Mayor's office announces Black Male Resource Finder tool

Larry Woody is a Parenting Education Program Manager who works with fathers through Focus on Fathers.

Focus on Fathers is a federally funded program funded by the Administration for Children and Families which provides parenting information and courses for men on becoming fathers and sustaining healthy parenting relationships with their children.

“We offer a 13-week parenting education course for fathers, and if they participate, they have to complete at least 12 out of the 13 classes to get a certificate of completion,” Woody said. “If they participate, we offer gift card incentives for the Focus on Father’s program. It’s $150 if you complete 12 of the 13 classes.”

Woody said the program offers classes specifically to fathers and another course that helps initiate a positive co-parenting relationship between parents provided to mothers and fathers.

Because there is so much violence in Philadelphia, a majority by and against Black men, Woody said the team at Focus on Fathers sees themselves as interrupters.

“The subject matter of the classes is like discipline, values, getting along with your partner — that’s a big one. And what does it mean to be a man, men’s health,” Woody said. “We get into their heads. Now, I will tell you as somebody in Philadelphia, you know, there’s a lot of talk about gun violence and a lot of discussion about anti-violence and we see ourselves as part of the solution.”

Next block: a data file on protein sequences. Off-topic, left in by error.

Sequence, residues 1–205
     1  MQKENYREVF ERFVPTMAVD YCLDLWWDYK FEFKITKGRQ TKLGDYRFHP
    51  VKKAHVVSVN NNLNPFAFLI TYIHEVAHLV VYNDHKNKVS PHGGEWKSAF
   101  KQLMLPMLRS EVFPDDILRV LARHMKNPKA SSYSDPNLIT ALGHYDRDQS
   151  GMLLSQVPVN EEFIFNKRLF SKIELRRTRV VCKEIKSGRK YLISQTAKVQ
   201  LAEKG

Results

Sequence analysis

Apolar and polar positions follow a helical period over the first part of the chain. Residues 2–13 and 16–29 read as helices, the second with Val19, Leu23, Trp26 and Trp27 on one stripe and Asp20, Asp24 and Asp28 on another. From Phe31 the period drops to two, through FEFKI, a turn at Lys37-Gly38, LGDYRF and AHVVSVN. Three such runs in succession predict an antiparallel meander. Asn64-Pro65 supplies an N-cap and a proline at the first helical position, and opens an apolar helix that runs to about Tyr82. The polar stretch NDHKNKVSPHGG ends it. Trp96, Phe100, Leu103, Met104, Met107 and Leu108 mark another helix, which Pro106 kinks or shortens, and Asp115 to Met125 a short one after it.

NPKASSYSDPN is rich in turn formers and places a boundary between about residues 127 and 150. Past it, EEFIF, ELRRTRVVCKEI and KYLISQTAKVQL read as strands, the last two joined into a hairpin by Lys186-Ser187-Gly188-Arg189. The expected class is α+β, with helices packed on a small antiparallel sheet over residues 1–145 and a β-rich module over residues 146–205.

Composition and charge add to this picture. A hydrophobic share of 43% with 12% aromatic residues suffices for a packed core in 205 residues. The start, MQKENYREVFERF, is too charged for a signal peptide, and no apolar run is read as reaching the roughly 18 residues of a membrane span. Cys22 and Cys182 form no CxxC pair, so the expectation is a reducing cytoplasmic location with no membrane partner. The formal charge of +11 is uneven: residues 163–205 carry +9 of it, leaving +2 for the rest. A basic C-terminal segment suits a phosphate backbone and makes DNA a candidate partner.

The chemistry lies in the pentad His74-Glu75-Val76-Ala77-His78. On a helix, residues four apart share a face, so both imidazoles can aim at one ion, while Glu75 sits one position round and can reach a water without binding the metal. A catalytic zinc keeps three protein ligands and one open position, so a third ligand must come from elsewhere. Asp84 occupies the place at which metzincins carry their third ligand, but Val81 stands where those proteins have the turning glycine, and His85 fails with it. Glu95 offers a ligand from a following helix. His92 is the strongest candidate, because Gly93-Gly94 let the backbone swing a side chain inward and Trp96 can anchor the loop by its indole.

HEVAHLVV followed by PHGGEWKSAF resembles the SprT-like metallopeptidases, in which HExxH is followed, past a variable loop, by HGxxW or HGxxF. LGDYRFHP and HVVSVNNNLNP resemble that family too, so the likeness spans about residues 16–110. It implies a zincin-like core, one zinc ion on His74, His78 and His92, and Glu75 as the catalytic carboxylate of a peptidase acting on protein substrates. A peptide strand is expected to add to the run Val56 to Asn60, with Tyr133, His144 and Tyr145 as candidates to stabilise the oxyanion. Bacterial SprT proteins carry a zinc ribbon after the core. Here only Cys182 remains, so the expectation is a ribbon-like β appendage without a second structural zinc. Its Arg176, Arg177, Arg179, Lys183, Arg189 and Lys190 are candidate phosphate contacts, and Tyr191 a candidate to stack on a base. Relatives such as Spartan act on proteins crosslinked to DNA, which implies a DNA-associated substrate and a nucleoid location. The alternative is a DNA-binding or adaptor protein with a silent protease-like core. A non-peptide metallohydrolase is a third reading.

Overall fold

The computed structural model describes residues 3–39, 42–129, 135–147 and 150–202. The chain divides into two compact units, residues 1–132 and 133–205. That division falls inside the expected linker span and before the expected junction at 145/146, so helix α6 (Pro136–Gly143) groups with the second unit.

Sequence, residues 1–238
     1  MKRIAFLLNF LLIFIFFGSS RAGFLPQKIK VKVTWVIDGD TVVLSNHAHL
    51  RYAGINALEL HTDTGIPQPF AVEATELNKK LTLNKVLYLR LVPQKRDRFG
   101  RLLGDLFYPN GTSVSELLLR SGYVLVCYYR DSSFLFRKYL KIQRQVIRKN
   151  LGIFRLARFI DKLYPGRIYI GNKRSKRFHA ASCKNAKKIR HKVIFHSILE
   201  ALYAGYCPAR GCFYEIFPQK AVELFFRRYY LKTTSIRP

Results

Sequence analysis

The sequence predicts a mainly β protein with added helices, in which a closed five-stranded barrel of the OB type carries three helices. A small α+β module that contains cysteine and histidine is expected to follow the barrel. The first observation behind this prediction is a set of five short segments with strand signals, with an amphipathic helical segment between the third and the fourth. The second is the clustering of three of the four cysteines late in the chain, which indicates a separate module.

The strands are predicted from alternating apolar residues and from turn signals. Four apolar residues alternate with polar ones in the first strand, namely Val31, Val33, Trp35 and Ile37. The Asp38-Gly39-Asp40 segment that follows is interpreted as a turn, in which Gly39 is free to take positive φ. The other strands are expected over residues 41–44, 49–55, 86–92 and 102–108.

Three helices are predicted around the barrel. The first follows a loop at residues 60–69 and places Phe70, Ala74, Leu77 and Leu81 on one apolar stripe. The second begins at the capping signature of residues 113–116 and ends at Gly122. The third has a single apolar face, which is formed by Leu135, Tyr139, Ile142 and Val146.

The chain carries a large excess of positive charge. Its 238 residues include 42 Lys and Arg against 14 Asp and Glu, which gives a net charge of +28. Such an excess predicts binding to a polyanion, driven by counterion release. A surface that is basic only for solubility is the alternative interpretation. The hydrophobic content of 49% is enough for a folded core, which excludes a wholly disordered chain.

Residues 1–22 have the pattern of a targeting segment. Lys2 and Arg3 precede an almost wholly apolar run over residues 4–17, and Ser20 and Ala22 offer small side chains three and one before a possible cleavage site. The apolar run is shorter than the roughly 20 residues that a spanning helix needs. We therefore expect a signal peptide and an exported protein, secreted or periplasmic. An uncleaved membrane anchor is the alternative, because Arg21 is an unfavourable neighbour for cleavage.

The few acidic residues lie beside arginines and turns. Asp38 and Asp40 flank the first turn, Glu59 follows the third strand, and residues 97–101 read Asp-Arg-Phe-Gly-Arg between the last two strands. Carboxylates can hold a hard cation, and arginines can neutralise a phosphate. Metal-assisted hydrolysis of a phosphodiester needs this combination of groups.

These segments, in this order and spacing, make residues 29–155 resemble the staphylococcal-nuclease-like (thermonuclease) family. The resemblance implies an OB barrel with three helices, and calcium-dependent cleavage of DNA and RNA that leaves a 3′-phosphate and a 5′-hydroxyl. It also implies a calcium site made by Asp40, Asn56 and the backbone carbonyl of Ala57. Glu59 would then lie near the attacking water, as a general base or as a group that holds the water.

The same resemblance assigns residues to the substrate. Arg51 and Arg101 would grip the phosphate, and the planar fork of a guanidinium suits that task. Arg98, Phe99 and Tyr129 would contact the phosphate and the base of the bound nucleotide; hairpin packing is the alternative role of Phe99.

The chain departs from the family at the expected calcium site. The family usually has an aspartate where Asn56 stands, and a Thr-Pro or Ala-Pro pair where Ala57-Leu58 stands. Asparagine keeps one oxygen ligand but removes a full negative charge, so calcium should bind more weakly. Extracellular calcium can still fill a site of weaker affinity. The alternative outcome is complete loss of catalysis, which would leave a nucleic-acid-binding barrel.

Mayor Jim Kenney’s office has officially announced the Black Male Engagement Resource Finder, an interactive database that enables city residents to access resources across 12 categories.

Focus on Fathers is one of the resources listed under fatherhood and parenting support.

“Our role is to provide and facilitate opportunities for our communities to engage with their local government and ensure that our engagement is measurable. To close the opportunity gap for Black men and boys, we must build the bridges to these resources and continue to ensure that our impact is far more than a one-time experience,” said Eric Westbrook, Director, Mayor’s Office of Black Male Engagement.

According to a 2019 Brotherly Love Health Report report, 23% of Black men and boys are below poverty. There is an evident lack of access to opportunities correlating poverty and gun violence throughout Philadelphia.

“We want this digital tool to serve as an interactive resource for our community to discover and enroll in programs and services committed to helping Black males in the city,” said Mynome Lorde, Black Male Partnership VISTA Corps member.

The database has been split into community development; youth development; economic development; education, health and wellness; homelessness and housing; legal services; mentorship; re-entry; violence prevention; workforce development; fatherhood; and parenting support.

Organized in alphabetical order under each category are groups and organizations with contact information and websites to reach out for support directly. There are currently over 100 different resources available, and the database will be continuously updated.

From The Philadelphia Tribune